Interestingly, the participants in the old tale are usually quite ancient, but this event is designed to attract a wide range of ages; not only passengers, but also drivers. Both sexes too. We spotted two young men in purple striped blazers wearing a headdress. These were students from Imperial College, London. Their 1902 James Brown has been in college since 1934, and each year a team of students prepare and act as support for the team, one lucky bastard getting to drive. This year it was Barty Pitt's turn: “I did last year but I only got as far as Brixton before the crankcase blew up, so I was allowed again.”

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Just outside of Brighton, we're running through the hail and as Manchester rides in their usual press-on style, we get you a little shot blasting. Traffic in Brighton is terrible and it's not the first time we've stalled. Lanchester needs to be a push start and the three of us aren't enough. It's never hard to find volunteers. This time the Lady tosses her two children into her pram and lets us shuffle around. Thank you madam.

We roll down Madeira Drive and at the finish line to join a lineup of great cars and equally great people. The Pittaway steamer is still burping and dribbling water. The sensor next to the boiler room has its own needle crosses the red line: I assume that it is a pressure sensor and that I should be blown to France, but fortunately Pittaway is actually there and releases pressure.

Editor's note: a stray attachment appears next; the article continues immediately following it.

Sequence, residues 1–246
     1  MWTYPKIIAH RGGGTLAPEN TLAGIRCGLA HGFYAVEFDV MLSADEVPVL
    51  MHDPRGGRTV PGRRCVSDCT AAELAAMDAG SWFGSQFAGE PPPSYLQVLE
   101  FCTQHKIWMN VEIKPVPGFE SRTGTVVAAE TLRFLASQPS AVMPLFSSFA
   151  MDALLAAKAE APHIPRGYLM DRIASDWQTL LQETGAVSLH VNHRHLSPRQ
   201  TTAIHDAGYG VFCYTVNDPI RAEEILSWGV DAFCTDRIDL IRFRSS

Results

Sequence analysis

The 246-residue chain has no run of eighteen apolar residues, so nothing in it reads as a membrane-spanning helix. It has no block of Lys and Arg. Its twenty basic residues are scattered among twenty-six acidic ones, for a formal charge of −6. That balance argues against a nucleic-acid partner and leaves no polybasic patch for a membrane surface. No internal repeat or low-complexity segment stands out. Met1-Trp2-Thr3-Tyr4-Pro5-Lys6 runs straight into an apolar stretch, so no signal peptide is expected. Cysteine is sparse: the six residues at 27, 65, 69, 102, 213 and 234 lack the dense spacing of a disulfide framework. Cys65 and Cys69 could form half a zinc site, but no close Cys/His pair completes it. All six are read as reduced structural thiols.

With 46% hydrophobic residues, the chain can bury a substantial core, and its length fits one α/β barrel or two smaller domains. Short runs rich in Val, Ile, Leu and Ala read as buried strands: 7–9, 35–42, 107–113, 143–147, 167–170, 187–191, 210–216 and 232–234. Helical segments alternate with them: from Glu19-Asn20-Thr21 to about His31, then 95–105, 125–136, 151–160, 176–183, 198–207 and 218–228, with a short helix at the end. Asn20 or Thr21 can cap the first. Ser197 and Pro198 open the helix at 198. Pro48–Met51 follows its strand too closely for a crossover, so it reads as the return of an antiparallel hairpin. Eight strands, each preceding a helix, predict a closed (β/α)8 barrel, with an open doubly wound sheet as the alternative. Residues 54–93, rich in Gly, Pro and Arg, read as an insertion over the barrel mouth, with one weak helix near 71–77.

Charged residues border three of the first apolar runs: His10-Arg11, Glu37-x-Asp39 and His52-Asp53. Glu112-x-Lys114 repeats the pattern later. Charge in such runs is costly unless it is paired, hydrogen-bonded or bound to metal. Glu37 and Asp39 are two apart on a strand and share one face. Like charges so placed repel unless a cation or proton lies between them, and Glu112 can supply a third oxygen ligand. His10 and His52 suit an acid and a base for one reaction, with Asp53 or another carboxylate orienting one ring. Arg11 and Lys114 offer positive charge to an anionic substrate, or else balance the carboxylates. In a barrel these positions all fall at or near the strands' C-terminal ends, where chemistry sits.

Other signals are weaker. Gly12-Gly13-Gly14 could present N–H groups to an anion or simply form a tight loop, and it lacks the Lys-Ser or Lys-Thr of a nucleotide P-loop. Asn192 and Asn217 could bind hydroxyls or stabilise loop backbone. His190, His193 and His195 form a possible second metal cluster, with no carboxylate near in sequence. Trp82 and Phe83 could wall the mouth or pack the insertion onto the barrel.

Strawberry and London Brighton veteran car work. Two of my favorite things.

Our Lanchester

Our car is part of the Jaguar Daimler heritage collection. Why? Because Lanchester went bankrupt before the first war, and then became part of the Daimler concern after a buyout in 1931.

At our location in Gatwick, JDHT Eric Baptiste and Scott Barbershop refill Lanchester fuel, oil and water.

“These are extremely advanced designs,” Baptiste says. “It was the first engine to feature a pressurized oil system. It runs at 40psi for what is not far from the pressure of a modern car. It is a four-cylinder, 2,5-liter, overhead-valve unit with camshafts on both sides of the cylinders. This is a Crossflow design.”

The next piece of information has my hair on end. “It's fast,” Baptiste says, “we hit 65mph.”